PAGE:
Stephen could hear impatient voices calling his name as he crouched in his hiding place. The others would never find him here, he thought proudly.
He would show them he was just as clever as they were – as the youngest and smallest page in the palace he was always being teased.
Stephen’s Feast is a retelling of the story of Good King Wenceslas through the eyes of the page who accompanies him. Stephen is the youngest and most trampled-upon page in the palace. It’s his birthday and the feast day of the saint he was named after, but all he wants is to keep out of the way of the older pages and the angry chamberlain. To his surprise he called out of hiding by the king himself!
The story follows the narrative of the Christmas carol very closely and explores themes of generosity and care for the weak, displayed both through the palace’s care of the poorer family, and Wenceslas’ care for his page in the snow. However, the story goes further than the carol, it dives deeper into the young page’s emotions, thoughts and motivations and explores other issues that young children face. Stephen’s story addresses bullying, sharing, feelings of insecurity and the importance of understanding those who are different. It’s a story that gently reminds the reader that identity is not found in possessions or status.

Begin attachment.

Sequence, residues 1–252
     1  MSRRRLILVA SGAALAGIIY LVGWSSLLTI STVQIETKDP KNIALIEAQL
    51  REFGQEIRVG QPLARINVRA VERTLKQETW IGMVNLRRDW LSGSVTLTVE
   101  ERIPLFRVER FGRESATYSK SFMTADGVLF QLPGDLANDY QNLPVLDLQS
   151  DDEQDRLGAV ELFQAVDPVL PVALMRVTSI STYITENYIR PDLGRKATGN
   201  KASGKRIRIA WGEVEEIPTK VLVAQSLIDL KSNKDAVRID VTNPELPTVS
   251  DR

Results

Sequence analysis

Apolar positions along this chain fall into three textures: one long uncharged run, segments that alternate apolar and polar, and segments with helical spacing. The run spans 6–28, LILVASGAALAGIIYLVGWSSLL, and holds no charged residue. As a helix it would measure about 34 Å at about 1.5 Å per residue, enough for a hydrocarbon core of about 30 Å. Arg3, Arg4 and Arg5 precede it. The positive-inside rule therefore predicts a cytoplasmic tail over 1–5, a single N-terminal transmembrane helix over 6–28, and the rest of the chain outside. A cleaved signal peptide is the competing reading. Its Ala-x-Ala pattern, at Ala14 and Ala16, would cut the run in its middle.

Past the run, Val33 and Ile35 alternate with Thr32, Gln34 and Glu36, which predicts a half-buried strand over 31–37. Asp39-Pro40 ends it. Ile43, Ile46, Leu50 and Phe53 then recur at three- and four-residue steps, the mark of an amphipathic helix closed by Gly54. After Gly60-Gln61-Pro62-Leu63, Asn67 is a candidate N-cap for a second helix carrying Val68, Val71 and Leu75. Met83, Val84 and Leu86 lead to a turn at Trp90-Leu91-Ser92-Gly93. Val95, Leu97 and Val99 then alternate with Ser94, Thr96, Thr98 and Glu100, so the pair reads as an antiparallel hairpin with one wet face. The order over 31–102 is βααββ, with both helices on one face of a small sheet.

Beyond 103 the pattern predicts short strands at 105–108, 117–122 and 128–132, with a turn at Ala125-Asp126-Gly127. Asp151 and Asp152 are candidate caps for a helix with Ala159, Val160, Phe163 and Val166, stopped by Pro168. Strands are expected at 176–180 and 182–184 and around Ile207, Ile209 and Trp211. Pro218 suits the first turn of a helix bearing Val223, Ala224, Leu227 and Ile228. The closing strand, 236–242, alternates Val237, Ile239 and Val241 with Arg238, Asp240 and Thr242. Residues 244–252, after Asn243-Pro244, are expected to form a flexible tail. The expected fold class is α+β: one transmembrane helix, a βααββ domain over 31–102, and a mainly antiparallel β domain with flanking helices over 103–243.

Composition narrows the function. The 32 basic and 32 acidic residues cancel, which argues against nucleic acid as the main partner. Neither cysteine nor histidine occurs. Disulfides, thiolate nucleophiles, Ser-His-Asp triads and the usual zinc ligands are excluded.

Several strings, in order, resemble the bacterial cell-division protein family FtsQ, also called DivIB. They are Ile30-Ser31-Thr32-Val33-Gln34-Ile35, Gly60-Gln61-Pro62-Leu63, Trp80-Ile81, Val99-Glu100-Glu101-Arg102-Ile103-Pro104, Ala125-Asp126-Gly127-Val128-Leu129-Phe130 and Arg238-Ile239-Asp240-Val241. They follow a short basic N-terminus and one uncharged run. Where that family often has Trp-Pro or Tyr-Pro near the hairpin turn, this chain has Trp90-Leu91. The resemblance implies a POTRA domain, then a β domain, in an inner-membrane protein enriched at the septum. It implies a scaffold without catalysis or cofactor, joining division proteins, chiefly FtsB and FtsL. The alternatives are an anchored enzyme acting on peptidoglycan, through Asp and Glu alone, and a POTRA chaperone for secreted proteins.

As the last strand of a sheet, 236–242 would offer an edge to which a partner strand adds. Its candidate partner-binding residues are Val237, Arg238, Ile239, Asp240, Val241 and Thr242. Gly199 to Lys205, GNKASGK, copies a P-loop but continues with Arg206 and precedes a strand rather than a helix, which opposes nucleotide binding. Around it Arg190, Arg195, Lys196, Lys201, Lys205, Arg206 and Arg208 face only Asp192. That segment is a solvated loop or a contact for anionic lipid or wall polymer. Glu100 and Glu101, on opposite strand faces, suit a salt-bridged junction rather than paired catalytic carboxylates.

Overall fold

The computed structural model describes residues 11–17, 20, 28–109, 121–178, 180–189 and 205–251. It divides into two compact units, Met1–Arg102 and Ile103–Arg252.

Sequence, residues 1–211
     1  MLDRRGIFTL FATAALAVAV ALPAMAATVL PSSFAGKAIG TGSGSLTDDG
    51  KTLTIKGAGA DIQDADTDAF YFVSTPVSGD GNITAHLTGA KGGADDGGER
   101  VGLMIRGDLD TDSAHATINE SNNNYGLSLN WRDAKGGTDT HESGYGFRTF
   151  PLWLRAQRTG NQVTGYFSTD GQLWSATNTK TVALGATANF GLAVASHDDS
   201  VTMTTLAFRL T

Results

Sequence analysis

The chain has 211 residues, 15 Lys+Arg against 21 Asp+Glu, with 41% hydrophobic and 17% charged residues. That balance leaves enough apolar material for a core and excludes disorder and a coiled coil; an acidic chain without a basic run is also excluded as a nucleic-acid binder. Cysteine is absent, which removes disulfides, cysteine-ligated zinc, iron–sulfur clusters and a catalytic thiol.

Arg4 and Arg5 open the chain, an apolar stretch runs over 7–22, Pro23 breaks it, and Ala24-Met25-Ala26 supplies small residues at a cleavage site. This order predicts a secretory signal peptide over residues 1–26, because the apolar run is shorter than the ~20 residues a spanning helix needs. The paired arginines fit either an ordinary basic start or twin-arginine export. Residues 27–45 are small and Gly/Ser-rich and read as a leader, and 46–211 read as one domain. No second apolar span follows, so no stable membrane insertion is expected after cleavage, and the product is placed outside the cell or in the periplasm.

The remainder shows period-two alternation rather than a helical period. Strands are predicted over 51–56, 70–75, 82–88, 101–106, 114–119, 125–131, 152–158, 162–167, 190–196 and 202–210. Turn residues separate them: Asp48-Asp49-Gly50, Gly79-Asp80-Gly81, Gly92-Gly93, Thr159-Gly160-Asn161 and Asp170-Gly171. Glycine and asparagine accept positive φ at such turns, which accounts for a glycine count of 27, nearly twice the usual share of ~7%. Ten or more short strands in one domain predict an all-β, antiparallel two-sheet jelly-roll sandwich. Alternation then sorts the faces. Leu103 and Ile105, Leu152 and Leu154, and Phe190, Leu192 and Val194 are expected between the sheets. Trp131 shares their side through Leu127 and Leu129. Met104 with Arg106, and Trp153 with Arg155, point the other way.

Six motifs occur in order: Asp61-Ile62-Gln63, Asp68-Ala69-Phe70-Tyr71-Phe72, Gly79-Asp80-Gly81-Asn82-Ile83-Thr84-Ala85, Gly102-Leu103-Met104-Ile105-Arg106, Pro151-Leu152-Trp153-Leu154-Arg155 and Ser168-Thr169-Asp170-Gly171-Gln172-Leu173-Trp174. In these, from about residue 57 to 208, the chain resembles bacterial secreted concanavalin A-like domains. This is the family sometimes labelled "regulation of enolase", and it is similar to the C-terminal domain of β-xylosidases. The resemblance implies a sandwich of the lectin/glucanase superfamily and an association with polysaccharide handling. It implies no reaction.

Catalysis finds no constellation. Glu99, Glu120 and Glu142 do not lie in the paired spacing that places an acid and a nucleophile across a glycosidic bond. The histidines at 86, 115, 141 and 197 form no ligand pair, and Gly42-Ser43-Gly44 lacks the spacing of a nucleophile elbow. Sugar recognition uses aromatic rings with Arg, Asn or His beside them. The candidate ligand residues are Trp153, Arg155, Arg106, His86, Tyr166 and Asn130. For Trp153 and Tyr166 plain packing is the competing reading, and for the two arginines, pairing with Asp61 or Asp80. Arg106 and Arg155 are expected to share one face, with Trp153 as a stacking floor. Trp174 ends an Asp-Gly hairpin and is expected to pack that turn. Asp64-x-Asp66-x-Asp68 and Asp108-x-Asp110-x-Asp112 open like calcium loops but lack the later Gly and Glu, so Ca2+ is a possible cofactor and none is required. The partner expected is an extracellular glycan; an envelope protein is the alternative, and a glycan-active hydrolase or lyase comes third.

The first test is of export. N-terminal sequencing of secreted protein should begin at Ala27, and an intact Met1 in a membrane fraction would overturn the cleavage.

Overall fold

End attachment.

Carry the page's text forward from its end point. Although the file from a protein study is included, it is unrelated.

Alongside the story are beautiful illustrations by Alice Englander. It’s definitely worth adding to your Christmas library – if you can find a copy. It’s out of print but second hand copies are pretty easy to find.